In the Company of Men: A Novel
- By Véronique Tadjo
- Other Press
- 160 pp.
- Reviewed by Alice Stephens
- February 25, 2021
A moving chronicle of the West African Ebola outbreak narrated by witnesses to the devastation.
Amid the mounting death toll, economic devastation, and societal breakdown caused by the pandemic that has gripped our planet for the past 13 months, one can be hard-pressed to find anything positive to say about the coronavirus. But after reading Véronique Tadjo’s In the Company of Men, we can at least acknowledge that the symptoms of covid-19, though horrific and too often deadly, are not as vicious, excruciating, and lethal as those of Ebola.
The 2014-2016 Ebola outbreak in Guinea, Liberia, and Sierra Leone is carefully and comprehensively detailed in Tadjo’s deeply affecting chronicle, which incorporates real-life testimony and fictional voices, including those of victims, caregivers, a village baobab tree, the bats who spread the virus to humans, and even Ebola itself.
The narrative opens with a brief scene of desperation as a father sends his daughter away, commanding, “Go to the capital, go to your aunt. The village is cursed.” He advises her not to tell anyone what is happening in her home, for he knows that they would turn her away.
The next chapter describes the innocuous series of events that led to the girl’s banishment. Her brothers go into the forest with slingshots. They come upon a colony of bats sleeping in a tree and kill three, grilling them for a snack, “though there wasn’t very much to eat: a few chewy bones and a bit of flesh with a gamy flavor.”
Soon, the boys fall ill, as do others in the family. They are quarantined, but by then it is too late: Their mother has already visited the local healer. The father dispatches his daughter to the capital while the mother and the rest of her children are taken to the hospital, never to be seen by the father again. He, too, has become ill.
Thus begins the outbreak, described in grim eyewitness accounts that tell of the unbearable toll the disease takes on everyone who comes into proximity with it, even those who aren’t infected.
A doctor describes struggling to practice medicine within the prison of his plastic personal-protection suit, “Forty minutes like this, that’s the maximum. Any longer, and you may faint, you may simply collapse.” Wondering when he will see his family again and why he is exposing himself to the virus, he must inure himself to suffering and become “a trespasser in the kingdom of Death.”
A sick mother who has already lost her children to the disease only wants to be allowed to die at home. A man memorializes his lost beloved with poetry. A gravedigger, a public-health worker, the Congolese scientist who identified the virus, and others relate their heartbreaking stories, often weaving in details — such as the endemic corruption that siphons aid and the reactions of foreign countries to the outbreak — that are unrelated to their narratives. These insertions sometimes feel out of place, as when a woman who takes in an “Ebola child” orphaned by the illness details the decontamination efforts at the treatment centers after the crisis has passed.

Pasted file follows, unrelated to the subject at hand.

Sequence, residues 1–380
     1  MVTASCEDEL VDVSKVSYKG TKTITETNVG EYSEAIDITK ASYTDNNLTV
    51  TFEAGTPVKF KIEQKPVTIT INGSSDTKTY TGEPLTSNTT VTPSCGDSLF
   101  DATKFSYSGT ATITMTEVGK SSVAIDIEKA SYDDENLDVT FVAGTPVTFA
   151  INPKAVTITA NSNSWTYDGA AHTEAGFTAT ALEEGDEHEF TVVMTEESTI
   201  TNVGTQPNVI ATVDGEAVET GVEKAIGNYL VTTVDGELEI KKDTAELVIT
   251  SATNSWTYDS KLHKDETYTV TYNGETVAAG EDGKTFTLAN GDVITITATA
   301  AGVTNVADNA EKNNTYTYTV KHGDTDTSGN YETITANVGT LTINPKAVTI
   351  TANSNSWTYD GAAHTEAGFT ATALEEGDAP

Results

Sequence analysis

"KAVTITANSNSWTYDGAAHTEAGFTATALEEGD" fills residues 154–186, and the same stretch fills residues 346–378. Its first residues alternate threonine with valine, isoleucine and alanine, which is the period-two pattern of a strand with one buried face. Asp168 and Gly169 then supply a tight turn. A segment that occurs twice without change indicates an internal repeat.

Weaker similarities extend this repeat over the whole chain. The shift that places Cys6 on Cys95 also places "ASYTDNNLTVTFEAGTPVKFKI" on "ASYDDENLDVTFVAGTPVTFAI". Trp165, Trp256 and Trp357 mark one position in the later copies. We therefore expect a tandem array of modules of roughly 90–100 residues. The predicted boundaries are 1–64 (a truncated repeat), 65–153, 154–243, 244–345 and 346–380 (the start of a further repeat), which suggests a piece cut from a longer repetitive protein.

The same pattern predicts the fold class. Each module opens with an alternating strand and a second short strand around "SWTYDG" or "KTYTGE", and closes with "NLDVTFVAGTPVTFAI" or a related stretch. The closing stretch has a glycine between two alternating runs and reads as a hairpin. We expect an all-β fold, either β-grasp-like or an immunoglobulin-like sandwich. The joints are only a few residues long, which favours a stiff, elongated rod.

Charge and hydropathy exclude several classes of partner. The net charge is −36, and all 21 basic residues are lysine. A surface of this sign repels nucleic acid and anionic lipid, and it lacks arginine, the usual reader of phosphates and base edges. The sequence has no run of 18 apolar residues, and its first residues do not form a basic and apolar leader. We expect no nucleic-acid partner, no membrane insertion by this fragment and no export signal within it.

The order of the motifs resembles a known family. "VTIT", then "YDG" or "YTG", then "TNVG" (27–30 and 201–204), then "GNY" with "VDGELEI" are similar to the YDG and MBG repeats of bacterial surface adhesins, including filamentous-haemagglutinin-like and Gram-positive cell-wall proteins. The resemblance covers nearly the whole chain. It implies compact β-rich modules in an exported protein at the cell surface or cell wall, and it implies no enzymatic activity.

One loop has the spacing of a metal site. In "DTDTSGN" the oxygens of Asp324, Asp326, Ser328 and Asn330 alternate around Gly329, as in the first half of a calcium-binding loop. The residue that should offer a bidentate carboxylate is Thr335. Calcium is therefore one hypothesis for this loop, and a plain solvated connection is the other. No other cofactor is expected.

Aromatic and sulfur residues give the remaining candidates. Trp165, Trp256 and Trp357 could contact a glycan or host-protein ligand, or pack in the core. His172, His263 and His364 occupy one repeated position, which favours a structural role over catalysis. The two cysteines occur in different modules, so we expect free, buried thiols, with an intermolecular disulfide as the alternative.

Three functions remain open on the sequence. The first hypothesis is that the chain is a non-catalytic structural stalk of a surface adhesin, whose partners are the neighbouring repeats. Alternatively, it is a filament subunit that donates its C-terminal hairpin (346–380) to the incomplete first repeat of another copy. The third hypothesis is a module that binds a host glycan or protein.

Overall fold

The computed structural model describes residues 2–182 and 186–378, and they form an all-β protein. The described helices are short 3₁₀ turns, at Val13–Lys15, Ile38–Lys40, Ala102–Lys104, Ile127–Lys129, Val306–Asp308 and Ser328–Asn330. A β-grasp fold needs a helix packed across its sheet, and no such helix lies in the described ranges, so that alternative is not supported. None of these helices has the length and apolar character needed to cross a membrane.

Some of the afflicted, of course, survive. One of the fortunate, the girl from the first scene who was sent to the capital, recounts her battle with the disease and her long recovery, only to be ostracized upon leaving the hospital. Another survivor, a missionary doctor who is treated back in his home country, describes a grueling convalescence and all the places in the body the virus can hide, including the eye, “an organ that my immune system could not easily access.”
The most disquieting aspect of the novel is not the detailed descriptions of the grisly effects of the virus on the body, but rather the author’s assertion that humans and Ebola have a lot more in common than we higher life forms would like to admit. Both are programmed to thrive and reproduce and, in doing so, destroy the host that is the very source of their survival.
As Ebola itself tells us, “[I]t’s not me humans ought to fear the most. They should rather be scared of themselves!” Ebola is perfectly content in the “primordial jungle” and has no need to seek out humans, but humans cannot leave any part of Earth unclaimed. With searing contempt, the virus enumerates our flaws and makes it clear that, despite our advanced brains, we can no more resist our own destructive nature than can the virus.
Ebola confesses the only thing it fears:
“[S]eeing human beings go against their nefarious nature and start to help each other. For it was neither science nor money that made me retreat when I was already so close to my goal. No, it was ordinary people, who gradually came to understand that their impact would be greater if they put their immediate interests and personal troubles aside in order to think, work, and fight collectively.”
As we know from the way America has reacted to the coronavirus, Ebola need not fret. We humans should be relieved that the coronavirus is not as vicious as Ebola, without ever forgetting that there are untold other viruses lurking out there alongside the ones we already know about. So far in 2021, there has been an outbreak of Ebola in Guinea and the report of a new strain of avian flu in Russia.
Alice Stephens is the author of the novel, Famous Adopted People, a book reviewer, and a columnist for the Independent.